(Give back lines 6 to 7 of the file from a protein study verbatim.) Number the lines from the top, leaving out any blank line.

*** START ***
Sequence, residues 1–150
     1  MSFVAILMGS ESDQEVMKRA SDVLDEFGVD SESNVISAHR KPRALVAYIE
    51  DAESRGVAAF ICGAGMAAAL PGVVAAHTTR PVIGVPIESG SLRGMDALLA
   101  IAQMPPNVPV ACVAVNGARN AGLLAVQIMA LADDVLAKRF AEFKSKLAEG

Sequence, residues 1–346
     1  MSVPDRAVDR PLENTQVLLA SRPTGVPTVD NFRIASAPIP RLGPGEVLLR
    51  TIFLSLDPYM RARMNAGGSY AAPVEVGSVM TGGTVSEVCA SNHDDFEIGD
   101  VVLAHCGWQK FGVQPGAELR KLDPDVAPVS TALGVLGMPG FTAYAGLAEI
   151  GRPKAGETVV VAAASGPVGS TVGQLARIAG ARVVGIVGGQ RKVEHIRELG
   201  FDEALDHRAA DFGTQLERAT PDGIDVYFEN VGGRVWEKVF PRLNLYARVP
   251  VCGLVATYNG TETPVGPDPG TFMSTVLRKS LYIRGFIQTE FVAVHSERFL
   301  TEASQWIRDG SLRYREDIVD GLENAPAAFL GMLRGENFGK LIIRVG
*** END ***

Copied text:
     1  MSVPDRAVDR PLENTQVLLA SRPTGVPTVD NFRIASAPIP RLGPGEVLLR
    51  TIFLSLDPYM RARMNAGGSY AAPVEVGSVM TGGTVSEVCA SNHDDFEIGD